Why Dan Straily Has What It Takes to Replace Brandon McCarthy in Playoff Race

Mike Rosenbaum@GoldenSombreroMLB Prospects Lead WriterSeptember 11, 2012

OAKLAND, CA - AUGUST 03:  Dan Straily #67 of the Oakland Athletics pitches against the Toronto Blue Jays at O.co Coliseum on August 3, 2012 in Oakland, California.  (Photo by Thearon W. Henderson/Getty Images)
Thearon W. Henderson/Getty Images

Minor league strikeout leader Dan Straily (190 strikeouts in 152 innings) will return to the majors on Tuesday night, starting in place of the recently injured Brandon McCarthy.

In his start against the Angels on Sept. 5, McCarthy was struck in the head by a line drive off the bat of Erick Aybar. He was taken to the hospital for tests and underwent surgery later that night to remove an epidural hematoma near his brain.

The right-hander continues to make progress just days after the operation, as he was able to walk down the hallway and climb four steps at the Bay Area hospital where he’s been recovering.

With McCarthy already making strides in his recovery, the focus is gradually returning to the impact his undefined absence will have on the starting rotation.

Following Bartolo Colon’s 50-game suspension for a performance-enhancing substance, McCarthy, 29, served as the elder presence in the A’s starting rotation.

The right-hander enjoyed the best season of his career in 2011, going 9-9 with a 3.32 ERA and 1.3 BB/9 over 25 starts. The A’s signed him to a one-year deal this past offseason to avoid arbitration.

Despite two separate stints on the disabled list for shoulder soreness, McCarthy has anchored the A’s young rotation this season with an 8-6 record, 3.24 ERA and 1.9 K/9 over 18 starts.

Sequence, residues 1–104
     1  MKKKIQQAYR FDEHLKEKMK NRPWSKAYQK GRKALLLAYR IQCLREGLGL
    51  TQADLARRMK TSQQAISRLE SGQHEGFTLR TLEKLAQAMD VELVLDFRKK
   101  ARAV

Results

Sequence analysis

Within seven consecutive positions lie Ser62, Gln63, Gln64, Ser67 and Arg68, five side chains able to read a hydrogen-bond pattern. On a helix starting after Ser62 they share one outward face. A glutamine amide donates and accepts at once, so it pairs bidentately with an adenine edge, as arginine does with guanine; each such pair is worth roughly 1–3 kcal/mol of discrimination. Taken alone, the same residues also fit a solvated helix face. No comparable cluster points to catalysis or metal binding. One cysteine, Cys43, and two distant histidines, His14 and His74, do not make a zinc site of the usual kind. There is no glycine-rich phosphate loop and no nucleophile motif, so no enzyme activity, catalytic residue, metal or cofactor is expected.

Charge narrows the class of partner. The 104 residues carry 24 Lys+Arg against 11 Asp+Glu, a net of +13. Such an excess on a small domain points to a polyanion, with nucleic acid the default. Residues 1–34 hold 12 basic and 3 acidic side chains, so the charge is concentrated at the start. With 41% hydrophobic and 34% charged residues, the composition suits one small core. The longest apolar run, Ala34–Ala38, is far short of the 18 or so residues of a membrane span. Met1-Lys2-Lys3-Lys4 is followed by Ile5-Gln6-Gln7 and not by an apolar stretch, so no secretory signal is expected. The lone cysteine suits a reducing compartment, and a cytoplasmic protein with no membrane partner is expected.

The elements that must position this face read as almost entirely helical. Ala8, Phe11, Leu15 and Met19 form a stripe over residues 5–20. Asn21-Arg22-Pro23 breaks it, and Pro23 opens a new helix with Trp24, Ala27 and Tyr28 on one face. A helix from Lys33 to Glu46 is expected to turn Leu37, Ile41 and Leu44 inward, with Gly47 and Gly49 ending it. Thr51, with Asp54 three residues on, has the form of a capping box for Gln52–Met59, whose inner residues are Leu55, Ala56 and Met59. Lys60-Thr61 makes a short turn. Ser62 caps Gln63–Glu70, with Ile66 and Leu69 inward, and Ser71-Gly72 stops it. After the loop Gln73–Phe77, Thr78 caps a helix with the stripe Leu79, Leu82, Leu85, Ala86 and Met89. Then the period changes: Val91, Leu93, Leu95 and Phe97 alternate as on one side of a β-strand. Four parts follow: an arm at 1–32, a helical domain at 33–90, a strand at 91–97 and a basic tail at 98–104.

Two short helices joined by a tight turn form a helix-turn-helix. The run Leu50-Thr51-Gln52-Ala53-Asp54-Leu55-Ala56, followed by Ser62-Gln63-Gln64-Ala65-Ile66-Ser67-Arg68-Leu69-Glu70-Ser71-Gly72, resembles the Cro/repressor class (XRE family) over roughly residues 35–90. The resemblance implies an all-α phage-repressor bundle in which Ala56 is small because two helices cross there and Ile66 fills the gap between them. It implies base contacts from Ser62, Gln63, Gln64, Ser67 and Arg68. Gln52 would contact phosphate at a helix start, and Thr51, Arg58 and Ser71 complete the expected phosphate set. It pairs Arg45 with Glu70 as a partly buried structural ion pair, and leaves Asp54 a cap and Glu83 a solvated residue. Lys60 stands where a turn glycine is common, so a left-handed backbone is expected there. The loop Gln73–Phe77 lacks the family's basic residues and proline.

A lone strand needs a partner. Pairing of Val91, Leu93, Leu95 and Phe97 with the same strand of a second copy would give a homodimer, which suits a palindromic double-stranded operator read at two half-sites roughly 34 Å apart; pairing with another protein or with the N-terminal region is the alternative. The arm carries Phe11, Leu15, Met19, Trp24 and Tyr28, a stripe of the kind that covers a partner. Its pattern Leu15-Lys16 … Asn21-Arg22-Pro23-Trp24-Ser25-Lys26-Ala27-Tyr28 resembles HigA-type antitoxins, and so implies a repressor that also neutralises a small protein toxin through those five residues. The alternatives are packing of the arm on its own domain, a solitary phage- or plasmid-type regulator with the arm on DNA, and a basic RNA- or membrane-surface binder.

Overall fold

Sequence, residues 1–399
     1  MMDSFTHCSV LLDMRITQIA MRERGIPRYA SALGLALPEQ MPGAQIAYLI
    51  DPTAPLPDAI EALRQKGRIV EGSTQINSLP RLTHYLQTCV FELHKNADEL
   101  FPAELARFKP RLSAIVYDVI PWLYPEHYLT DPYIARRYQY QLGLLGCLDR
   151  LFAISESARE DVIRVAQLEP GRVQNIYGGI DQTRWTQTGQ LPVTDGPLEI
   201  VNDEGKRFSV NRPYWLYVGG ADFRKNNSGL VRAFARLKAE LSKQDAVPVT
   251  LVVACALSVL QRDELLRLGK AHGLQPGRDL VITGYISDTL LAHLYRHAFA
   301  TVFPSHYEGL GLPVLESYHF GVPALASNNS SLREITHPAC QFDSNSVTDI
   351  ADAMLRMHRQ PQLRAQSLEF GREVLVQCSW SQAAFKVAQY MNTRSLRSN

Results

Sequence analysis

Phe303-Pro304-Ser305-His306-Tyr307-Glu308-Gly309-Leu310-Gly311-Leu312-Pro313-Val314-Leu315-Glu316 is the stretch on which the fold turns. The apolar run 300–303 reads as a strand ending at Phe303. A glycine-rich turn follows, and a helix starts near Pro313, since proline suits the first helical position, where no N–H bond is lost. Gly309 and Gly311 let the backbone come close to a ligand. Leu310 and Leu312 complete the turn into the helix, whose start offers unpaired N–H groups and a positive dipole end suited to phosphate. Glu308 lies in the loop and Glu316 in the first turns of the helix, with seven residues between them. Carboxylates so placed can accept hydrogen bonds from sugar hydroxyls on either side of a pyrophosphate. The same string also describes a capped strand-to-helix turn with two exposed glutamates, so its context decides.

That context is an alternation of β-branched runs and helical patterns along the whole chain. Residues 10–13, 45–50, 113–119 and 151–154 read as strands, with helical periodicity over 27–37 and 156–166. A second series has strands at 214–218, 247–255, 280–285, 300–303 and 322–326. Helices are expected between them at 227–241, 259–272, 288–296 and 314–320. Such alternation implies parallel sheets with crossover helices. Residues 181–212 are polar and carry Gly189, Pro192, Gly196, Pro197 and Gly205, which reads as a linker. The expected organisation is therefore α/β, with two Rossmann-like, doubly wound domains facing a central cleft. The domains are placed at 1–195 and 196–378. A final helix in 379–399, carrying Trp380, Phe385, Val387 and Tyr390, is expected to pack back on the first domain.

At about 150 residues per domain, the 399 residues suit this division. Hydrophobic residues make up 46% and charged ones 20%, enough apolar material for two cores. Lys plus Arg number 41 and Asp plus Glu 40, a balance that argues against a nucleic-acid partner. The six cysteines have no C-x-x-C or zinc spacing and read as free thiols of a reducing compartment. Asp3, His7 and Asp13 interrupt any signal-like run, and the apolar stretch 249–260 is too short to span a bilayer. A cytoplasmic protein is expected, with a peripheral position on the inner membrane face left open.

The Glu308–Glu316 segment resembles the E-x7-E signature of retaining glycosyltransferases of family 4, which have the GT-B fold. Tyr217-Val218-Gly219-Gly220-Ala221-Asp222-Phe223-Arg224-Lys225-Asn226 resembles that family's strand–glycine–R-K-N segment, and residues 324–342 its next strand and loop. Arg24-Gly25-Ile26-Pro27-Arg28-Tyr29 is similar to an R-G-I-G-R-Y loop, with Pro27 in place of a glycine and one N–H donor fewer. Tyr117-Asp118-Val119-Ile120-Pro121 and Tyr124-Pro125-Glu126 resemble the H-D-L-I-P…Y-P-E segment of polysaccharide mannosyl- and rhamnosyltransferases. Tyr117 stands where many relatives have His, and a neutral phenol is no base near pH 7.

At the time of his injury, McCarthy paced the rotation with a 2.3 WAR and adjusted ERA of 123. (Bartolo Colon owned a 2.8 WAR before receiving the season-ending suspension.)

The team will now have to rely on 23-year-old Jarrod Parker (9-8, 3.67 ERA), 25-year-old Tommy Milone (12-10, 3.90 ERA), 24-year-olds A.J. Griffin (5-0, 2.21 ERA) and Brett Anderson (4-0, 0.69 ERA), and the newcomer, Straily.

Although the loss of McCarthy could potentially alter the course of the A’s unexpectedly successful 2012 season, they’re as well equipped as any team to replace him.

Selected by the A’s in the 24th round of the 2009 first-year player draft out of Marshall University, Straily, 23, has quickly gone from an organizational arm to arguably a top-50 prospect.

The right-hander spent his first full professional season at Low-A Kane County in 2010, where he posted a 4.32 ERA and 1.35 WHIP with 149 strikeouts in 148 innings.

Straily improved his ERA and WHIP to 3.87 and 1.25, respectively, in 2011 at High-A, registering 154 strikeouts and 40 walks in 160.2 innings.

This season, however, he’s separated himself from the field.

Opening the season at Double-A Midland, Straily registered a 3.38 ERA, 1.09 WHIP, 11.4 K/9 and 2.4 BB/9 in 85.1 innings before earning a promotion to Triple-A Sacramento.

The domination only continued at the new level, as he posted a 2.02 ERA, 0.86 WHIP, 11.1 K/9 and 2.6 BB/9 in 66.2 innings.

The 6’2”, 215-pounder was called up to make his major league debut on Aug. 3, earning a no-decision against the Blue Jays after allowing one earned run on five hits and one walk with five strikeouts over six innings.